New Zealand’s biggest waste collection business wants to develop a major new landfill site off State Highway 1, near Wellsford, that could mean hundreds of extra trucks travelling through the Dome Valley every day.
Waste Management, which is owned by Beijing Capital, has obtained Overseas Investment Office approval to purchase Springhill Farm and a large block of commercial pine forest, south of Wayby Valley Road.
The proposal has come as a shock to local residents, who knew nothing of the plans until they were visited by Waste Management staff this week. They were told that the site could get up to 300 trucks making return trips every day, and that figure would be expected to rise in the future.
If consented, the landfill would replace the Redvale tip at Dairy Flat, which was expected to close by 2028, and construction of the facility could start in 2022.
Waste Management says it has conducted a detailed search to replace Redvale, avoiding “as far as possible” any known areas of cultural significance, sensitive environmental and ecological areas and native bush.
“This site has good access directly off SH1 for transport of waste to and from Auckland, as well as from the north. In addition, the site has a buffer distance from the landfill itself of more than 2km to the Hoteo River and more than 1km to the nearest residential house, which is consistent with the requirements of the Auckland Unitary Plan,” the Waste Management proposal says.
The site would be open 24 hours a day, seven days a week, with landfill dumping between 5am and 10pm daily.
Waste Management says no waste would be placed in the Springhill block, but in one or two valleys to the south east of the farm, which was the former home of the late tech millionaire Tony Lentino and, prior to that, Wellsford businessman and philanthropist Richard Izard.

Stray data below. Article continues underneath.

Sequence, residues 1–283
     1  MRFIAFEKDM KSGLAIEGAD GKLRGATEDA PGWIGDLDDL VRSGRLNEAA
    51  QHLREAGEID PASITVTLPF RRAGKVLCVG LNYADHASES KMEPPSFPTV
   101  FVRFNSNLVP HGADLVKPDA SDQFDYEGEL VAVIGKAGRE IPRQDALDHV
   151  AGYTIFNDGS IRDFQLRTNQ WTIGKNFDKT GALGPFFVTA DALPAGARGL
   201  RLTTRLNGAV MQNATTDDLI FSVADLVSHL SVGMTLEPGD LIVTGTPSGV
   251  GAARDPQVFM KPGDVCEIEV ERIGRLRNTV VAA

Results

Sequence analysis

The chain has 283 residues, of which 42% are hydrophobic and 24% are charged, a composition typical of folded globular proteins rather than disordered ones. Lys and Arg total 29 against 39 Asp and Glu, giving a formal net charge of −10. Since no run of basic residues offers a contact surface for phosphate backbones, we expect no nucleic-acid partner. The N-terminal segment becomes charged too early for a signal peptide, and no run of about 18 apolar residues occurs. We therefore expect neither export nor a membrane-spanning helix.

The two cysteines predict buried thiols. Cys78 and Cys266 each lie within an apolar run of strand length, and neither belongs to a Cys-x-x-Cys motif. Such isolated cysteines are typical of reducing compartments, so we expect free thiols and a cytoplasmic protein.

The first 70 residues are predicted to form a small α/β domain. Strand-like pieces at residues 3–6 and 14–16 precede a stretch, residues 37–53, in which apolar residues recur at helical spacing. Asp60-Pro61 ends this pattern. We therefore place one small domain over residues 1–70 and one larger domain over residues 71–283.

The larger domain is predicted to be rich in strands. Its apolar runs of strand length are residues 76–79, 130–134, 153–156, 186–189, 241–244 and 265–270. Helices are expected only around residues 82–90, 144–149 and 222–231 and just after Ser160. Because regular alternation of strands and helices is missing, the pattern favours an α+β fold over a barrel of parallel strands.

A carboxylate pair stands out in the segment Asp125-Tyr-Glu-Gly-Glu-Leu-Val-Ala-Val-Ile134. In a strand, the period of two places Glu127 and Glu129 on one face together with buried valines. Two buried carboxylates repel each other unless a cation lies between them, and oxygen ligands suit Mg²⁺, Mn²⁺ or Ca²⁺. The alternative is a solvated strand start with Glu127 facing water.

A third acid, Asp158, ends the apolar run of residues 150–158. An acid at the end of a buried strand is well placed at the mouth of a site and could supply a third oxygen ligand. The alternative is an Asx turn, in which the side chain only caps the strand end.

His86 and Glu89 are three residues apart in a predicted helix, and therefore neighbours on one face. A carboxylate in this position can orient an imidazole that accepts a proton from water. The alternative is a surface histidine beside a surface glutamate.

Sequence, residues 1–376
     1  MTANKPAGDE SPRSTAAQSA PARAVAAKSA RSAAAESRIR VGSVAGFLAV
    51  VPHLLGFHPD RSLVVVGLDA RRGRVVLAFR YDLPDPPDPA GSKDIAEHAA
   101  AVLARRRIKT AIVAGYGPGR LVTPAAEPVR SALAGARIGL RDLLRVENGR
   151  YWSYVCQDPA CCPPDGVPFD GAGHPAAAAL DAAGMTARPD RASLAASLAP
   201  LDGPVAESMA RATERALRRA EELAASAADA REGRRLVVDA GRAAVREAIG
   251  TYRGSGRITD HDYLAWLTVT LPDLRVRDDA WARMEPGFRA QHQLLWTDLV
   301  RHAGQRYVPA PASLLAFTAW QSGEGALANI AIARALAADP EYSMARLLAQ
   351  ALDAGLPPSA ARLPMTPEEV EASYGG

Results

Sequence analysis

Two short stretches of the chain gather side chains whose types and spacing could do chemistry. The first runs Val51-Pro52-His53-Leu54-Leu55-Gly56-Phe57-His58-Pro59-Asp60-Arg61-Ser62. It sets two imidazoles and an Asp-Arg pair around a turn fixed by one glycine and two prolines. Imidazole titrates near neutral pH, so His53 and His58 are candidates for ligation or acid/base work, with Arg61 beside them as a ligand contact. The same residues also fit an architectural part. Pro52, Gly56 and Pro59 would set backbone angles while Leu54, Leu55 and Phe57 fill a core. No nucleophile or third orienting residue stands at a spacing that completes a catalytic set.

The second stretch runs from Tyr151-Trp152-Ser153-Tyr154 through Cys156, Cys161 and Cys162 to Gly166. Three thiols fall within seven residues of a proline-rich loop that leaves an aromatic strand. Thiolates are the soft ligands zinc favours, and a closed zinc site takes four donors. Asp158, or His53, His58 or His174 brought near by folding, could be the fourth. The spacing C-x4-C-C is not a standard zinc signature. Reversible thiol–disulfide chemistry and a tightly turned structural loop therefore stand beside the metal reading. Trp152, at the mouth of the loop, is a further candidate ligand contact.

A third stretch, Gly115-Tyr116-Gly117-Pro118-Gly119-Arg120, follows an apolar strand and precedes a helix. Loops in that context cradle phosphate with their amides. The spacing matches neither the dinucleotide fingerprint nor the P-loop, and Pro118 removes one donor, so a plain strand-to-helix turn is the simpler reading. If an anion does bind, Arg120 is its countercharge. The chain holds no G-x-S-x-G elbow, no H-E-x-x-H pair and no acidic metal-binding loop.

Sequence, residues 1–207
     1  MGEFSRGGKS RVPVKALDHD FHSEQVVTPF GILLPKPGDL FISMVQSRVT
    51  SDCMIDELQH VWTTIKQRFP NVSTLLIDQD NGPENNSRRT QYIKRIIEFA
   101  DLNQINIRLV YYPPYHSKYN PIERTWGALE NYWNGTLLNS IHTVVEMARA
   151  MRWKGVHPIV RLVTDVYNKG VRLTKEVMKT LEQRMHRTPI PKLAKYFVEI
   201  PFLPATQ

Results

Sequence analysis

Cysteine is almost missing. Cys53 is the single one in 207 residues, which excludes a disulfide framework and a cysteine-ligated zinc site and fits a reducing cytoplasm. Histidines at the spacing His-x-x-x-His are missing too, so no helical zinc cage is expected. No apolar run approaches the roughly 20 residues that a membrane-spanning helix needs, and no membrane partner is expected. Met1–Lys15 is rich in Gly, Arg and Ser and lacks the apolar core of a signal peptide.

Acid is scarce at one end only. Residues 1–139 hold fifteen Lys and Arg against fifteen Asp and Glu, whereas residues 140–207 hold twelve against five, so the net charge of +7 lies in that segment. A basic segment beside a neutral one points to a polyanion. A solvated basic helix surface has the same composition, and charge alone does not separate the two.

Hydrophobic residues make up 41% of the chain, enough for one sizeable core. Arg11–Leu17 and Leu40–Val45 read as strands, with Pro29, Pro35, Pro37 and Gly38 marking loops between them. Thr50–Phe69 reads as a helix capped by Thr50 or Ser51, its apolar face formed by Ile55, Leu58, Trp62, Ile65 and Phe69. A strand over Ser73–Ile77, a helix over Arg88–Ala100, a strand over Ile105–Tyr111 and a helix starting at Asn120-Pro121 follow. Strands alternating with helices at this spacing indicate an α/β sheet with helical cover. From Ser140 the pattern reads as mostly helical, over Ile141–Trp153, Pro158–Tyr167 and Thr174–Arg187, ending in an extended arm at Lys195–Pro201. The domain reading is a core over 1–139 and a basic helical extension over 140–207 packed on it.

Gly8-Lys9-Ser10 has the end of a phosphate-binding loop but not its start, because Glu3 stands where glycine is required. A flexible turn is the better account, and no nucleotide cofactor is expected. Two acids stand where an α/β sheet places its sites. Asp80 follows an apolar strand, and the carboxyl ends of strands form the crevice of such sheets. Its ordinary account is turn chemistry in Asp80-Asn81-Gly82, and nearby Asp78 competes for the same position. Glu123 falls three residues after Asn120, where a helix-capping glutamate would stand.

The company adds that the private airstrip at Springhill will “initially be retained as an airfield”, though its future depends on the results of consultation.
Waste Management managing director Tom Nickels says the company will now carry out “open conversation and consultation” with iwi, local stakeholders and the community.
“We are commencing consultation now so we have sufficient time to engage properly with all stakeholders. As with our current landfills, we will meet all legislative requirements in terms of environmental performance standards, criteria and tests for the new landfill,” he says.
“We are committed to providing a solution for managing and disposing of waste on behalf of the community in an environmentally responsible and community-minded manner.”
The consultation period is expected to run from now until December, when consent applications are expected to be lodged.
Who is Waste Management?
Beijing Capital Waste Management NZ was set-up in 2014 when the state-owned Beijing Capital Group acquired Trans-Pacific Industries for NZ$950 million.
The Chinese registered company is the largest of the two waste management service providers in New Zealand.
According to its own website, its business covers the whole industry chain of waste collection, transfer and separation, landfill, liquid waste disposal, and waste recycling.
It has a market share of 56 per cent in liquid waste disposal, and is the only company with core technology in New Zealand that has been approved by the government to treat toxic waste.
The company has five landfills in New Zealand, owns or operates 29 refuse transfer stations and more than 800 specialised waste collection vehicles, and has over 1200 employees.
It handles more than 8500 tonnes of waste a day and provides contracted services for more than 200,000 customers.